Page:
For years, the United States has officially condemned these settlements – they are an obstacle to peace – but has avoided calling them illegal to prevent Israel from facing international sanctions. A 1978 U.S. State Department legal opinion indicated that Jewish settlements in occupied territory are not authorized by international law, but President Ronald Reagan said in a 1981 interview that settlements were “misguided” but “not illegal.” George H.W. Bush was the first president to tie the amount of aid Israel would receive to its settlement construction and to deduct the cost of building settlements from U.S. loan guarantees. Clinton later authorized exceptions for settlement construction in East Jerusalem and for “natural growth.” In 2004, George W. Bush wrote a letter to Israeli Prime Minister Ariel Sharon in which he realized that “new realities” or settlements would prevent Israel from returning to the borders before 1967 in a peace agreement. Most governments believed that Israel would retain its three largest blocks of settlements, in exchange for any peace agreement, to cede other countries to the Palestinians, and felt that it was not realistic for Israel to be able to force so many of its citizens out of the settlements. While the Obama administration was taking steps to protect Israel from political movements that tried to punish Israeli companies operating in the West Bank, it also rebuked Israeli settlements by abstaining from a UN Security Council vote that declared settlements illegal. And he was quick. Mr. Trump surrounded himself in the Oval Office with a large delegation of aides and officials who received exuberant praise for him, and joked that the agreement should be called the “Donald J.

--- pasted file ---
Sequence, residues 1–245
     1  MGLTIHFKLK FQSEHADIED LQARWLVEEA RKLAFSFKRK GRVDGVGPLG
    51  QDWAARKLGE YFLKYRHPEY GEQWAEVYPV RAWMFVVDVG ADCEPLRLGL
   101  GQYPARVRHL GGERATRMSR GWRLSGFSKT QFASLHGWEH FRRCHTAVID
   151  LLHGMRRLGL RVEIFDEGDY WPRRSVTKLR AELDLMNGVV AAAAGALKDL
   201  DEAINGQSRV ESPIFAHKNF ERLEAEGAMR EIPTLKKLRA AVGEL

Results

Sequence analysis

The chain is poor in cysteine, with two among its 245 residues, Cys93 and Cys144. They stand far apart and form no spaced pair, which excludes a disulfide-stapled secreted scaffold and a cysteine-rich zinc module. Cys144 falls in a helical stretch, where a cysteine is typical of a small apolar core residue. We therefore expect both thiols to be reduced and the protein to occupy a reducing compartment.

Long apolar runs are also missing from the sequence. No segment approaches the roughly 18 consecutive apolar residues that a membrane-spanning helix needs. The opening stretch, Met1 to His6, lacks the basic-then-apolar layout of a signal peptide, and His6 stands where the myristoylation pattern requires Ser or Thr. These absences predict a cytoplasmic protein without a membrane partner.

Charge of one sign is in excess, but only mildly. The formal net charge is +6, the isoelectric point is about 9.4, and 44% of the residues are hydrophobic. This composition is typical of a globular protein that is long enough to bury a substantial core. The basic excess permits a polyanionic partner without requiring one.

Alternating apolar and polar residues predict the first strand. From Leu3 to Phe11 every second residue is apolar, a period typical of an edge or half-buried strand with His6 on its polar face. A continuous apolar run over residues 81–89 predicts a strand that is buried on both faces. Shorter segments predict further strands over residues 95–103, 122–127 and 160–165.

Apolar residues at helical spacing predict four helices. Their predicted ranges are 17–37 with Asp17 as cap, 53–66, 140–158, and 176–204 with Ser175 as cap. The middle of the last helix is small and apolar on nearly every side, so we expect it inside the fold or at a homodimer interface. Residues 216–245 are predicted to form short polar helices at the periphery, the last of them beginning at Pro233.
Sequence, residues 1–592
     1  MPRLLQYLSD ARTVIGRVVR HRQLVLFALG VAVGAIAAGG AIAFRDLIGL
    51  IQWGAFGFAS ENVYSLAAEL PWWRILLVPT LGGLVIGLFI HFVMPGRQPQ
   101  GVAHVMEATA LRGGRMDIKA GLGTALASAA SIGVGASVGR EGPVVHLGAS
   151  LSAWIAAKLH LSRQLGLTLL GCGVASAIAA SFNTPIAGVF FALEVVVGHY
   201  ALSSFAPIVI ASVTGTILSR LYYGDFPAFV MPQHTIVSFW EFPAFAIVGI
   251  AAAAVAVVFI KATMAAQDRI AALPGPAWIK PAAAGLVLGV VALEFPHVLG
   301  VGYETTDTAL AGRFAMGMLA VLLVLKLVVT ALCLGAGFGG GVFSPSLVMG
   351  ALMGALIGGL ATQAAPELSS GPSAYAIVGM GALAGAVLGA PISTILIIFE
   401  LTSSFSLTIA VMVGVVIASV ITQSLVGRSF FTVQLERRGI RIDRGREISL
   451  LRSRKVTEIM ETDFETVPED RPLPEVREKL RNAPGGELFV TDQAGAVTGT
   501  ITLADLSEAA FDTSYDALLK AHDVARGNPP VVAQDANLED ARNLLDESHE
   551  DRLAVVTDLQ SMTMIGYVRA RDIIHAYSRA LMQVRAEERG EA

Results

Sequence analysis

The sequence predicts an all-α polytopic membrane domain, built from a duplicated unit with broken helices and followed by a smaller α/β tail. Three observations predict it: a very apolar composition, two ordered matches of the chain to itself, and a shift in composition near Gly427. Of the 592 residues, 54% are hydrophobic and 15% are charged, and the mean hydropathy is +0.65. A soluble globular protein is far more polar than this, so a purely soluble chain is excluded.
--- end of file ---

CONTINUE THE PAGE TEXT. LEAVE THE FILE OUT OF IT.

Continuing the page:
Trump Accord.” At a later briefing, White House National Security Adviser Robert C. O`Brien even announced that the president would win the Nobel Peace Prize. While the slowness of the Madrid talks took place, a series of secret meetings took place in Oslo, Norway, between Israeli and Palestinian negotiators, culminating in the 1993 Oslo Peace Accords between Palestinians and Israel, a plan that examined the elements and conditions necessary for a future Palestinian state “on the basis of Security Council Resolutions 242 and 338”.  The official Declaration of Principles on Interim Self-Government Arrangements, DOP was signed on September 13, 1993 on the White House lawn. “Let you never run out of stock with your friends,” tweeted Hanan Ashrawi, an experienced Palestinian politician, in response to the agreement.